More Coyote Gulch coverage here.

Category: Colorado Water

9:01:31 AM    

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Here's a background piece about Wild and Scenic designation for several rivers in Colorado, from The Rocky Mountain News. The BLM and river lovers usually end up squaring off with municipal providers and others that want to develop the water resource. From the article:

Hundreds of Colorado streams are being analyzed for possible protection under the federal Wild and Scenic Rivers Act, the largest such review in more than 30 years. The study comes as cities and water districts race to develop water in many of those same streams, efforts that will be much more difficult - and, in some cases, impossible - once the federal protective process is under way. In the decades since Congress passed the law, Colorado water utilities and the Colorado Water Conservation Board have often fought use of the scenic rivers act because they fear it will limit their ability to deliver much-needed water to cities and farms.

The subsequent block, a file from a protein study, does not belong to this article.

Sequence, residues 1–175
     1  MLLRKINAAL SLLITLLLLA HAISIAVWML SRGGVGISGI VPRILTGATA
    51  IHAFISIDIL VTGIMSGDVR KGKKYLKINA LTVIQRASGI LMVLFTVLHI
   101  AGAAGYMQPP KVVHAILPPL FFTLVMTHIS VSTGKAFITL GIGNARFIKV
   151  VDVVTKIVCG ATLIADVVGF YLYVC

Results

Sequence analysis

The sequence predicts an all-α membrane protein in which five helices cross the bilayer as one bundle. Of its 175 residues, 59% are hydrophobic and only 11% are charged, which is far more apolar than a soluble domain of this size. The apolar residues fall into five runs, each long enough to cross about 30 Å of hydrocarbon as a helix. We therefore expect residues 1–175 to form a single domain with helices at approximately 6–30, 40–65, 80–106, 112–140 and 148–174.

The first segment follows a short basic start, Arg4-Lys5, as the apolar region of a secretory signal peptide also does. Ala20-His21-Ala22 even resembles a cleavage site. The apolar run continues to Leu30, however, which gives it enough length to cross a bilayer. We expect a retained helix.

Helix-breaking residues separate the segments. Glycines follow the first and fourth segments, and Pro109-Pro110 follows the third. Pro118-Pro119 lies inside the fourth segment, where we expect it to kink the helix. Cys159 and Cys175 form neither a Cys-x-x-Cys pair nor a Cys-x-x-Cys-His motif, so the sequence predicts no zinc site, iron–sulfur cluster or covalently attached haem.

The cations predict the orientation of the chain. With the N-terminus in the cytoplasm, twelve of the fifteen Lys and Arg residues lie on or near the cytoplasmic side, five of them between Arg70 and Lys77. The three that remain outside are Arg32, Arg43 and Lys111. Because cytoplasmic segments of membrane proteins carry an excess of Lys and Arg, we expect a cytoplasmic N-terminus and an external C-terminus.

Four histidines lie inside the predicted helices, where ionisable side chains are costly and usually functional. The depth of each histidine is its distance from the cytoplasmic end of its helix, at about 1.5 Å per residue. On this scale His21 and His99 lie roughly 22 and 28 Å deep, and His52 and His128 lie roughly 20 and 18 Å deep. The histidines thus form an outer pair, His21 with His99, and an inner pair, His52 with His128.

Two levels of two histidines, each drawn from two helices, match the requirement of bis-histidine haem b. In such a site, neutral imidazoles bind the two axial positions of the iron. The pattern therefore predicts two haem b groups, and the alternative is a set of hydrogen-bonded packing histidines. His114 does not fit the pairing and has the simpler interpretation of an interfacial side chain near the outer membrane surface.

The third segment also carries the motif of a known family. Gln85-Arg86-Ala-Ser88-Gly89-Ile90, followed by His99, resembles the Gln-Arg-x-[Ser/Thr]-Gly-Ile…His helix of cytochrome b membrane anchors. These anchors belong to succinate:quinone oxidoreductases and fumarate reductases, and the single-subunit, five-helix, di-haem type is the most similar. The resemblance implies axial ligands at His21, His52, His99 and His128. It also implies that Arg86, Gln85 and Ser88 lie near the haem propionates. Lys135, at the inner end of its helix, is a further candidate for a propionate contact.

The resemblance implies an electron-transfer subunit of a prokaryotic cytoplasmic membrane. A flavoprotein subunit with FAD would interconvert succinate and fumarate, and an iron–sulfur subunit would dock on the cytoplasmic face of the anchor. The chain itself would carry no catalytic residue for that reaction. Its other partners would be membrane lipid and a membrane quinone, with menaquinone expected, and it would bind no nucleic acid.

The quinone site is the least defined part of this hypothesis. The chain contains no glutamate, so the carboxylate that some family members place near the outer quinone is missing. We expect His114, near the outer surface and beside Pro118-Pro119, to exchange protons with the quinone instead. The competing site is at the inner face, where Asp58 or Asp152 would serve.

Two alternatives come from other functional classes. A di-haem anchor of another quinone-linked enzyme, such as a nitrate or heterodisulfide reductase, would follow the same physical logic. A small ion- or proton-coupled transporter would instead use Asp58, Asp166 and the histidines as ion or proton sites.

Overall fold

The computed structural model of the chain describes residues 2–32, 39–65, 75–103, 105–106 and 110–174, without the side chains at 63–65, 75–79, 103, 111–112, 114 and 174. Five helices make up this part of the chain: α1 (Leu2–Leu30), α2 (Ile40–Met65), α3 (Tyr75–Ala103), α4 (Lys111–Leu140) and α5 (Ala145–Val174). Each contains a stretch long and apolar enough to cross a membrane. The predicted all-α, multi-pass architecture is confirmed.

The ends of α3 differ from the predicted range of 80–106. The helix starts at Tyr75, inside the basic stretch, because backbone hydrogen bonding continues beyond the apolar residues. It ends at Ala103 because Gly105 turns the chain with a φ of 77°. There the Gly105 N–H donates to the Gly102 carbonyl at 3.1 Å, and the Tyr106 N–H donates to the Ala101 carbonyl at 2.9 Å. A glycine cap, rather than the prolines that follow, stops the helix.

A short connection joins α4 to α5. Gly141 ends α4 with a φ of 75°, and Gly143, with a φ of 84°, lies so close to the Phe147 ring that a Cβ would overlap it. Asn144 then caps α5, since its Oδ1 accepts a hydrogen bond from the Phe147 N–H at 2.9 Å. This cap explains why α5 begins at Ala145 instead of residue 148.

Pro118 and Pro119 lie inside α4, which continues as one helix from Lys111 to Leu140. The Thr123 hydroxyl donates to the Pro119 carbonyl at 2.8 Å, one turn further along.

Since its passage in 1968, just one stream segment in the state - on the Poudre River north of Fort Collins - has been formally protected under the act. Several other streams have been recommended for wild- and-scenic status but have never been formally listed by Congress in part because of Colorado's opposition. But the state's position may be shifting, said Mike King, deputy director of Colorado's Department of Natural Resources...